Gov. Jan Brewer on Friday signed legislation that will allow pharmacists who have had special training to administer certain vaccines and immunizations without a doctor's prescription.
Planning a trip this winter to some exotic locale?
You'll be able to get the necessary vaccinations without going to your doctor.
Gov. Jan Brewer on Friday signed legislation that will allow pharmacists who have had special training to administer certain vaccines and immunizations without a doctor's prescription. The measure becomes law on Sept. 30.
The measure had initially generated opposition from some doctors who were concerned about whether pharmacists were qualified to decide what shots people need. There also were questions of possible allergic reactions.
But the final measure included a number of restrictions, including a limit on what kind of immunizations could be provided.
At this point, that list is limited to the vaccines the Centers for Disease Control recommends for adults. That includes influenza, certain types of hepatitis, measles, mumps, rubella, tetanus, diphtheria and pneumonia.
Pharmacists also could administer those immunizations the CDC determines are necessary for certain international travel. That list is dependent on where the person is going.
The timing of the new law should coincide closely with the availability of the new H1N1 swine flu vaccine.
Mindy Rasmussen, director of the Arizona Pharmacy Alliance, said the new law will be particularly helpful for people who do not have health insurance and do not have regular family doctors to go to for prescriptions or shots.
The legislation does require pharmacists to notify a patient's family physician - if there is one - within 48 hours of any vaccines or immunizations administered. There also are record-keeping requirements.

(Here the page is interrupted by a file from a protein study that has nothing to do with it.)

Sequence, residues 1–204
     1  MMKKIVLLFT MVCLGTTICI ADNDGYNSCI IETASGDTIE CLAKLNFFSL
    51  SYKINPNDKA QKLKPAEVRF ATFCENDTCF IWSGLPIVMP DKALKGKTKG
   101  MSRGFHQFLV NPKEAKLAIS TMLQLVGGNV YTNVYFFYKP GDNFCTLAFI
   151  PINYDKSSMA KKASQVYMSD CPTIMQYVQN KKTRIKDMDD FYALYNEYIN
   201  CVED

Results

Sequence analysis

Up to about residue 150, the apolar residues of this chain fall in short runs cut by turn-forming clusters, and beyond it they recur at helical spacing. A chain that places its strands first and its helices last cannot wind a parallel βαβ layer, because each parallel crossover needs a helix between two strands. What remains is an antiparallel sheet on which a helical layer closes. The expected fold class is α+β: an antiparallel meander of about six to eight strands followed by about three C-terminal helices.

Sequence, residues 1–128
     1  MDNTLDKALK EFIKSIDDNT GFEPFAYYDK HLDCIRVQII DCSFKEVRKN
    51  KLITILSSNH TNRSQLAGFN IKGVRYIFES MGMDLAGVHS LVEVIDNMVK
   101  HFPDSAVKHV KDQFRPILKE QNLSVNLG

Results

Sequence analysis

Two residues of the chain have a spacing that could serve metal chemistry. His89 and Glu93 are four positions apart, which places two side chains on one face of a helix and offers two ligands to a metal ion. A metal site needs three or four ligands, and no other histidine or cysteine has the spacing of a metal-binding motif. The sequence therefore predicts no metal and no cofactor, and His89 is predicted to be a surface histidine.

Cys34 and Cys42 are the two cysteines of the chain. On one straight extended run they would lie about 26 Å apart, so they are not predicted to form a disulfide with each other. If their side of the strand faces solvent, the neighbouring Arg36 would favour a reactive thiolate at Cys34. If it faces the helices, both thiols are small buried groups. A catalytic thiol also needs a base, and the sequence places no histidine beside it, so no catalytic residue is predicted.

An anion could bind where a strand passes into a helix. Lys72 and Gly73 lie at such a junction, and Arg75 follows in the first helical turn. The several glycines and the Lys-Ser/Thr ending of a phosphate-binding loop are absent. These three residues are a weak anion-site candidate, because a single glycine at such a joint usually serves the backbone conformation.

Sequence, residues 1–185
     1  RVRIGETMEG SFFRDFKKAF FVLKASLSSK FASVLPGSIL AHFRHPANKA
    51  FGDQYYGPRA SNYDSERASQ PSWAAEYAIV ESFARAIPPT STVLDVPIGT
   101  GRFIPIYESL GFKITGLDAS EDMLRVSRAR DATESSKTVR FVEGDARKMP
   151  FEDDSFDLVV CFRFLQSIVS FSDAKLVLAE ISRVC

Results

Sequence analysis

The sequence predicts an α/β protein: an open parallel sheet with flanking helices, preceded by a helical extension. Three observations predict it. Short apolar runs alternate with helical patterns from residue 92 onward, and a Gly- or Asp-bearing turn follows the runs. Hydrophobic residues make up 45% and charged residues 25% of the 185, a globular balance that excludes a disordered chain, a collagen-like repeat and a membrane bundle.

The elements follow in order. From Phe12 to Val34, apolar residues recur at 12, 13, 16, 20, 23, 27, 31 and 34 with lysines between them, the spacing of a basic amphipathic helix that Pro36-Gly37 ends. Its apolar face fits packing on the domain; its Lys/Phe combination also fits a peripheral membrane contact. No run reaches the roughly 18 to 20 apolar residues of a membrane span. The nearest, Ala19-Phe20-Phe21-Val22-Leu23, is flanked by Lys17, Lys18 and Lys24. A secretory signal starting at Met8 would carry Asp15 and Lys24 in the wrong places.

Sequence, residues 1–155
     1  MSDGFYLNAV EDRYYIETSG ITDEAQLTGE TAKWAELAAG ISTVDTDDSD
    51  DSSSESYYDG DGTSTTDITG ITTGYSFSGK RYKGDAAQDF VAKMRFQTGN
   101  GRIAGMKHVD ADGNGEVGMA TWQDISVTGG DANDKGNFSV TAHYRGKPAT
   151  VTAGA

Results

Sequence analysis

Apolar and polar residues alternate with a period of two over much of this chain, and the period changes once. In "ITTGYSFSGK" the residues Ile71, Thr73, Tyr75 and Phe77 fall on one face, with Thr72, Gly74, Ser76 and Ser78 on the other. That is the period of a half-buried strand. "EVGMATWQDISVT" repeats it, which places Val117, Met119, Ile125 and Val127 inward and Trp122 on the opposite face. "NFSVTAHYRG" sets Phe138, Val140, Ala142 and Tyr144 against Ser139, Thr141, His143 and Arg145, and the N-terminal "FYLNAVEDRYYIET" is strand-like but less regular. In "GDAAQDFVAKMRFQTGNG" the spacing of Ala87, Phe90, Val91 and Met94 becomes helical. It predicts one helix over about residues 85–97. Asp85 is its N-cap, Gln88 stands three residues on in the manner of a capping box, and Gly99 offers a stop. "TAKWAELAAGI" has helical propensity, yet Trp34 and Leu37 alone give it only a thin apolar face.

Brewer also penned her approval to legislation expanding the ability of the owners of houses, condos and townhomes to display "for sale" signs.
A 2007 law overruled any regulations by homeowner associations that barred the display of these signs. This new law expands that to also cover any deed restrictions or contracts that have similar restrictions.
Any signs, however, have to conform with industry standards and be no larger than 18 by 24 inches.
The law does not apply to those trying to market their timeshares.
Other bills signed by Brewer on Friday include:
Repeal of a special commission that had the power to authorize state license plates for special groups;
Clarifying state law to say that drinking wine or beer in a public recreation area at a group event is not illegal when a special permit has been obtained;
Expanding the authority of the state mine inspector to delay requirements for sand and gravel operators to restore the land after they cease operations;
Imposing new regulations of labeling of "biodiesel" fuels;
Repealing a law, declared unconstitutional, that barred employees injured on the job from collecting workers' compensation benefits if they tested positive for drugs or alcohol.